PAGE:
have my personal boundaries respected even as I realize that I must allow health care providers and others into my private world. But I would hope that it would be a collaborative approach that involved mutual understanding of the need, rather than presumption that any intrusion was routine, system-based, or in others’ automatic presumption of what is “best” for me.

be seen as credible even as I acknowledge the existence of blind spot and an aging brain.   I want opportunities to demonstrate my degree of credibility as needed rather than be subjected to general presumptions based only on age or diagnosis. I’ll also need to accept that my credibility will need to be tested and verified.

have relationships, both personal and professional, be mutual and collaborative when we agree and when we disagree, have similar or different backgrounds, goals and outlooks.

learn about and respect what others want and need in any interaction or transaction and incorporate that into my responses.

These address my most basic “what matters”. Health care providers at any level will also need current specific data on elements of my day to day status and adaptations as they relate to their perspective and work at that point in time.   And I need to be prepared to communicate this kind of “what matters” in ways that are relevant and usable to them as they care for me. But that’s gist for another blog post.

Clocks and More Clocks


Here I am, a fully retired 96 year old woman, living in my own home and able to do what I wish, when I wish. Many of my days are wide open. Yet I have and want clocks, accurate in their action in every room. There is one that is night lighted beside my bed. There’s one on my desk in addition to the one on the computer monitor. There is one opposite my recliner, and a lovely grandmother clock that chimes the hour and quarter hour (rather loudly) in the living room (it was a no-occasion surprise from my husband one time). In the kitchen there are clocks on the radio, the oven and the microwave. And on top of that, I wear a watch! It doesn’t make sense.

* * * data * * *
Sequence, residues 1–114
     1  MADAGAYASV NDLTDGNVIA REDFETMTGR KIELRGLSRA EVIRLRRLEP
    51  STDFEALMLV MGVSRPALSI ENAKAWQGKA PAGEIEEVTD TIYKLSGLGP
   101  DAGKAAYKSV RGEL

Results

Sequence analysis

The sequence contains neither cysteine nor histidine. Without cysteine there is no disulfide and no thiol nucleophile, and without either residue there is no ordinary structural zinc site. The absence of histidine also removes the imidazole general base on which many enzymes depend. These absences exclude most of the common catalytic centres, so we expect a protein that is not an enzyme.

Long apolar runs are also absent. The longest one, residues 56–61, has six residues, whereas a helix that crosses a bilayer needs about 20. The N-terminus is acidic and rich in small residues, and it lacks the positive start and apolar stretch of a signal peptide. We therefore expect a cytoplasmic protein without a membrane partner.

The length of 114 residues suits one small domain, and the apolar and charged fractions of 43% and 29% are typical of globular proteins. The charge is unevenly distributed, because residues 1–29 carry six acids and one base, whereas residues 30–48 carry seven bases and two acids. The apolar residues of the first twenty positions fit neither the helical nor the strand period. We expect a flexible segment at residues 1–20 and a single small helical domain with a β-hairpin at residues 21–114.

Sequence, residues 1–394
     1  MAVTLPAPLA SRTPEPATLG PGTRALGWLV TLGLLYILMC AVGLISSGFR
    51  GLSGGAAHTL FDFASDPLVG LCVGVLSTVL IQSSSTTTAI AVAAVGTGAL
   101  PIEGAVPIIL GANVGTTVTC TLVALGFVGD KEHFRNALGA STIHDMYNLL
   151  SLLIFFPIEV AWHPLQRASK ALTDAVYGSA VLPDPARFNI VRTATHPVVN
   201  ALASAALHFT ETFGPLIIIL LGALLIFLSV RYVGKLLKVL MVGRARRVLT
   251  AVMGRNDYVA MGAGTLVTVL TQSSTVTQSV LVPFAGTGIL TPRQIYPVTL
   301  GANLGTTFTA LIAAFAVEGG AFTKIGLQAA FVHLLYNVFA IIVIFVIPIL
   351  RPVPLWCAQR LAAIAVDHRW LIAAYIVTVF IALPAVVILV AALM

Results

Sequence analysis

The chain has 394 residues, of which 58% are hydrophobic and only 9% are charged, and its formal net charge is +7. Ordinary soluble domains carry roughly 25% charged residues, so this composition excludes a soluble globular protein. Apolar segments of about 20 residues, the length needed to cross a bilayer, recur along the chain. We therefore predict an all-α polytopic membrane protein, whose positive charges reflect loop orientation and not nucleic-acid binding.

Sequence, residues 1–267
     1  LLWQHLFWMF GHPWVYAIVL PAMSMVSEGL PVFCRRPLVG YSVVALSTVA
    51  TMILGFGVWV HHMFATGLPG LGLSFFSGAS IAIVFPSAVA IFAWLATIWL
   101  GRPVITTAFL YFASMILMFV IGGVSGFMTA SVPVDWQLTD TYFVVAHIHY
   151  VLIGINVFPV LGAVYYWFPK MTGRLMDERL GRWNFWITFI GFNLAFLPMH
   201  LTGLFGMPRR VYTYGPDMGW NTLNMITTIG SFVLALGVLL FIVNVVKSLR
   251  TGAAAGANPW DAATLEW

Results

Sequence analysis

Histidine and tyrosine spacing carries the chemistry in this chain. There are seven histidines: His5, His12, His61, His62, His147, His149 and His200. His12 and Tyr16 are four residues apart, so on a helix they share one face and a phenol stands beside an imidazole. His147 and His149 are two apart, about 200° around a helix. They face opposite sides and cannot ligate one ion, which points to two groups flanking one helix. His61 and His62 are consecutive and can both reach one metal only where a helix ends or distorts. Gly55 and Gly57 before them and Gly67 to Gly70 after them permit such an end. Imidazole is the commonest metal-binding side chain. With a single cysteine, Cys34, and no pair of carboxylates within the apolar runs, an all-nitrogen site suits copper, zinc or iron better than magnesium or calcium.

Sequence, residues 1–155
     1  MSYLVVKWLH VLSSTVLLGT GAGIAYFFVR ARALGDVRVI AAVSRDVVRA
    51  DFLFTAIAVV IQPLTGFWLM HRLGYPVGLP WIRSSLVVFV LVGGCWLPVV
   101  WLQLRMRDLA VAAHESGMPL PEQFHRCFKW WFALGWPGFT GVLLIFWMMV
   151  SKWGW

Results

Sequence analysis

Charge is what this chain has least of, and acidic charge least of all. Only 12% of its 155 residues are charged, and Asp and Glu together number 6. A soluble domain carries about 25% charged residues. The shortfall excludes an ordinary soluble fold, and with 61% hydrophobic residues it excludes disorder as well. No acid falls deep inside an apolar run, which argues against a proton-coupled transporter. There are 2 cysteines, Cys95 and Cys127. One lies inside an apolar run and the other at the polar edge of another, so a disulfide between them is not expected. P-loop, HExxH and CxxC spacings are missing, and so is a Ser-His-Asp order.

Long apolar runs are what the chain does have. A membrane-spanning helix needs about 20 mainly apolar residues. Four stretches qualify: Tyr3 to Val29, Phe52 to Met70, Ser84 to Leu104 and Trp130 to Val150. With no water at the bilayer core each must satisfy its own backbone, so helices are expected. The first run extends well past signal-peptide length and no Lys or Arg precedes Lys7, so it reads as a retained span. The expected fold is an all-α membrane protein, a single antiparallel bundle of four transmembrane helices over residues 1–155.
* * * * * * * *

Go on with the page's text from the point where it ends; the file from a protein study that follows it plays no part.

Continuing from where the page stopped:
Somehow, time seems important to me, even now. Maybe it harks back to my childhood. My Swedish parents respected being on time. They consistently modeled it. Decades later I encountered a man who’d been posted to the American consulate in Stockholm. He told me that there was a 4-minute window for arriving at a social engagement such as a dinner—2 minutes before the appointed time to 2 minutes after. That rang a bell as I recalled how my mother made her last minute dinner preparations to coincide with guests arriving at the hour invited. And arrive promptly they did.   Even our supper tended to be at 5:00 each week night. Fortunately, my husband’s patterns were similar and our sons had little choice in the earliest years.   So this way of living continued through the decades

What has complicated this even tenor of my ways is my changing capacities that threaten meeting deadlines, whether it is expecting guests or being ready to leave when my ride arrives. I don’t mind when others are early or late, so it’s only my behavior that’s involved. For ordinary days when I’m alone it’s no problem, but I’m uneasy about being ready in time when it involves others. It’s hard to know how long it’s going to take me to get ready. All sorts of calamities strew my path. I have trouble making decisions, so they take longer. I have trouble putting on a piece of clothing. I drop things, spill things, have trouble manipulating things. And hurrying just increases the risks. I try to be organized and plan ahead. Then I start early to allow for my calamities, watch the clock and most often relax for a few minutes before the deadline; or feel comfortable greeting guests or the ride if they are early.

Nurture or nature, apparently I’m wired or conditioned to enjoy some predictability in rhythm and flow of my days even in the midst of age related changes.   Addressing my need to be ready on time and the barriers to it is a work in progress.    

C’est la vie! And lucky to have my home, my clocks, people who can fix or adjust them, visitors who accept me as I am, and people willing to take me and my walker out and about.